An appeal has been filed with the Tokyo High Court challenging the acquittal of three former Tepco executives over the 2011 Fukushima nuclear crisis.
“Letting this decision stand is clearly against justice. Taking into consideration the burden of the victims, it is incumbent on us to demand a judgment by a higher court,” one of the court-appointed lawyers acting as prosecutors said when the appeal was filed Monday.
They had sought five-year prison sentences for the former executives of what is now called Tokyo Electric Power Company Holdings Inc.
Former Chairman Tsunehisa Katsumata, 79, and former Vice Presidents Ichiro Takekuro, 73, and Sakae Muto, 69, were acquitted Sept. 19 by the Tokyo District Court on charges of professional negligence resulting in death and injury.
They were indicted in 2016 for failing to implement tsunami countermeasures, leading to the deaths of 44 people, including patients forced to evacuate from a hospital, as well as for injuries sustained by 13 people in hydrogen explosions at the Fukushima No. 1 nuclear power station.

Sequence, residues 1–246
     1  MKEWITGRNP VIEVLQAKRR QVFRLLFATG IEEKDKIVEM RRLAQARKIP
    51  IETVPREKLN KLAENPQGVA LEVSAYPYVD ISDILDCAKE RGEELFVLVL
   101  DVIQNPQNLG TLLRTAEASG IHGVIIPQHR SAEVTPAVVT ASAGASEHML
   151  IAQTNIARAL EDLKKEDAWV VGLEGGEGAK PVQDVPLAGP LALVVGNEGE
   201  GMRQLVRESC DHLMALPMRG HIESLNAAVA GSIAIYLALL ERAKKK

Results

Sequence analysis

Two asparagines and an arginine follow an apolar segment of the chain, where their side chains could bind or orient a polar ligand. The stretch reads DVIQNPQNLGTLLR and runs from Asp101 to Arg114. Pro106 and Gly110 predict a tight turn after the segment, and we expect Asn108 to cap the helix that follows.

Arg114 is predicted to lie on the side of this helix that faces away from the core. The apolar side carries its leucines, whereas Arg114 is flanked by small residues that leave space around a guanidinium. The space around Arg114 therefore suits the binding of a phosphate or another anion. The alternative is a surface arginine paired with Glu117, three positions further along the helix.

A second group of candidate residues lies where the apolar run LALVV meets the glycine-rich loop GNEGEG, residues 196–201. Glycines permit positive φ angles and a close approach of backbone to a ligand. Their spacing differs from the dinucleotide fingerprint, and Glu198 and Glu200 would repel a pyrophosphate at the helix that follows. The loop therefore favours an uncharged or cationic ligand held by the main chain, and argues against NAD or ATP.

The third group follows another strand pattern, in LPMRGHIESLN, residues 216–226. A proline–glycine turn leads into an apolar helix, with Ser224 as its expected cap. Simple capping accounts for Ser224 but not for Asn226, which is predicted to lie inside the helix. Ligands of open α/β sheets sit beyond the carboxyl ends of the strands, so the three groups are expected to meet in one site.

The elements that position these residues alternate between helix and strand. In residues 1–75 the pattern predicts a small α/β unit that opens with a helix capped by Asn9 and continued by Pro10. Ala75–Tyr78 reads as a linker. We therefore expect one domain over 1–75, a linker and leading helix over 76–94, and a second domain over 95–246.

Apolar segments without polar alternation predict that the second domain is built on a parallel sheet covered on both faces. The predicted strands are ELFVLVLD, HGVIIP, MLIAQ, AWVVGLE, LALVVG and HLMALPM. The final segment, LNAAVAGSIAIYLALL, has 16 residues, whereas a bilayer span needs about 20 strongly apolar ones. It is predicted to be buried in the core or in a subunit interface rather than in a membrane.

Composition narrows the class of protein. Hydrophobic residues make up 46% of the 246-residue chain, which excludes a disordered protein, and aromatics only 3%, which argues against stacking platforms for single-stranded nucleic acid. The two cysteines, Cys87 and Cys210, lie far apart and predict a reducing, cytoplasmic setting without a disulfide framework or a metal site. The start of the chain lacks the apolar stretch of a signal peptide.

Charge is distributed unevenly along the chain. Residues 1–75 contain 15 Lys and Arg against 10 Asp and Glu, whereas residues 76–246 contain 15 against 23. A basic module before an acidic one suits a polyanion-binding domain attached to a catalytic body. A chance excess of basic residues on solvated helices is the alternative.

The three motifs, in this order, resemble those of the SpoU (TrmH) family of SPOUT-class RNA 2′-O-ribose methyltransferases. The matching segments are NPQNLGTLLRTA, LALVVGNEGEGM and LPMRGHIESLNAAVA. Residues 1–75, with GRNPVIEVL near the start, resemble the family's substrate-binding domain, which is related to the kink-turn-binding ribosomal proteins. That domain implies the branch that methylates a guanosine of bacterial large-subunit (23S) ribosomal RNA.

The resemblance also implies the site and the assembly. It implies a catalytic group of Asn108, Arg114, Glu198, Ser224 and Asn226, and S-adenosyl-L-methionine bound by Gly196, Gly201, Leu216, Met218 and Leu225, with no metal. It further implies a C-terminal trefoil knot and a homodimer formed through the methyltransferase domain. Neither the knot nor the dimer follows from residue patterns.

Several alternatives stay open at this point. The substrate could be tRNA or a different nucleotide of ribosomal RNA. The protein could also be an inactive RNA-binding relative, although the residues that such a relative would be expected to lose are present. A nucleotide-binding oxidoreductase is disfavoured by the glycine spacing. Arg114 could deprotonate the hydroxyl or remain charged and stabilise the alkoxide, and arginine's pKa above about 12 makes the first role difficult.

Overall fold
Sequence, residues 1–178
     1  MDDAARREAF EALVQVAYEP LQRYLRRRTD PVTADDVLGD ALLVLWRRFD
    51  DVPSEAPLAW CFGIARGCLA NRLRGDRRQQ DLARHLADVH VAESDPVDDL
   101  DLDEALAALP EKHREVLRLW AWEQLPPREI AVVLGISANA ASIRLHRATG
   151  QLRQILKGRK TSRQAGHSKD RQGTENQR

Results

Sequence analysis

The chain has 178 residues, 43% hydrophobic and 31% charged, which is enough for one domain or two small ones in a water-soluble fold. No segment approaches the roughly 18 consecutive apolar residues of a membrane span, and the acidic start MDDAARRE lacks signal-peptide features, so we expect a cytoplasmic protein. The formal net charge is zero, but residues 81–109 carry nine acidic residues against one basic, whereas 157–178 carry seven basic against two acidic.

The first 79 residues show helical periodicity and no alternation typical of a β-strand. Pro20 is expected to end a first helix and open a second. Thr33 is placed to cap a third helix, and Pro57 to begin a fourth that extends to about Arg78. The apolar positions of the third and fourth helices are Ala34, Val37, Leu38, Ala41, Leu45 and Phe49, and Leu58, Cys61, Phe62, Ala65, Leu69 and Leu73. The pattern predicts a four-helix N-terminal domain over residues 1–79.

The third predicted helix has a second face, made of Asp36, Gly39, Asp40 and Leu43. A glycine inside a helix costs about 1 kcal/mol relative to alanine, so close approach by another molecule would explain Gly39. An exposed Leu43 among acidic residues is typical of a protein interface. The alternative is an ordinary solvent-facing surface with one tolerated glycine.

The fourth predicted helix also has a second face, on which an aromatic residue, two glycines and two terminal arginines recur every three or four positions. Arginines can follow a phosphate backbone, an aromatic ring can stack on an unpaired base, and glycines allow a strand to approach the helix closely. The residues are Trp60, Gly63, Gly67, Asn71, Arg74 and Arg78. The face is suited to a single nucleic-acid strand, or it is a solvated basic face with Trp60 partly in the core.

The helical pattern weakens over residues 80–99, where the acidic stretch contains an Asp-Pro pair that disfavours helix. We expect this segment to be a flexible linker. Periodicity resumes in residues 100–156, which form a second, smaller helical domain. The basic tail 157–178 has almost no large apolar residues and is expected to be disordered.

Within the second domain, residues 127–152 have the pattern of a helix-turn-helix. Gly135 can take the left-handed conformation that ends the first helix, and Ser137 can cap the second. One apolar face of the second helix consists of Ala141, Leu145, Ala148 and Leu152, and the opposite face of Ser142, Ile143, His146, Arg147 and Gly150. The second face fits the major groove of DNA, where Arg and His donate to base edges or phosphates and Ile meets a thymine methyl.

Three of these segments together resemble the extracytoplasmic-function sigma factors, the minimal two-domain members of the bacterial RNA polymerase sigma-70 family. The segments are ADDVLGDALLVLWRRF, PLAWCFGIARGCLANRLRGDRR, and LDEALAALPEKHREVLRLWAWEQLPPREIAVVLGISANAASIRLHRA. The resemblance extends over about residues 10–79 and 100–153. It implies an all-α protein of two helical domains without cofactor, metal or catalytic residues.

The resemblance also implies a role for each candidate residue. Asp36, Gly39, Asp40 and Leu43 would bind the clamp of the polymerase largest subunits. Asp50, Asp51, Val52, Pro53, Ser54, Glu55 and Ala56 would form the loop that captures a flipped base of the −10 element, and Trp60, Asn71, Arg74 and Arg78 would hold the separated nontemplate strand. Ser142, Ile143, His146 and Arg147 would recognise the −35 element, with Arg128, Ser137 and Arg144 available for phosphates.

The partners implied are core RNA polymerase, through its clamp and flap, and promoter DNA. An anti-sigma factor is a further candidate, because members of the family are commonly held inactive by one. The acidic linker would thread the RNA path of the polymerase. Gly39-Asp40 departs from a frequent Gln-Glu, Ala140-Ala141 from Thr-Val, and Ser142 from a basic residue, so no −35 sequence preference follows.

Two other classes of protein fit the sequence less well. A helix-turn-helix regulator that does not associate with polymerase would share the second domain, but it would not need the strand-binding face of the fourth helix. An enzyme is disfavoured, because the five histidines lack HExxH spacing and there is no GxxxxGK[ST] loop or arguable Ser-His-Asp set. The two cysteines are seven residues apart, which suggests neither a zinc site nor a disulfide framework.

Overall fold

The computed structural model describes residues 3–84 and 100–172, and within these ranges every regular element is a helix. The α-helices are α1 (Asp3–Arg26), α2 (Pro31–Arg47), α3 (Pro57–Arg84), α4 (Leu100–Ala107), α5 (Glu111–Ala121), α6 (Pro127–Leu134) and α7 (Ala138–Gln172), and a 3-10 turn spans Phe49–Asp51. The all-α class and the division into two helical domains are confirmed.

Prosecutors claimed the three would have prevented the disaster if they had fulfilled their responsibility to collect information and implement safety measures. Tepco was informed in 2008 that tsunami of up to 15.7 meters could strike the plant based on a 2002 government long-term evaluation of quake risks.
At the district court, presiding Judge Kenichi Nagafuchi said in handing down the ruling, “It would be impossible to operate a nuclear plant if operators were obliged to predict every possibility related to tsunami and take necessary measures.”
The six-reactor plant on the Pacific coast was flooded on March 11, 2011, by tsunami exceeding 10 meters triggered by the Great East Japan Earthquake, causing the reactor cooling systems to lose their power supply.
Reactor units 1, 2 and 3 suffered core meltdowns, while hydrogen explosions damaged the buildings housing reactors 1, 3 and 4. Around 160,000 people were evacuated at one point.
Tepco and the attorneys representing the three former executives declined to comment on the appeal.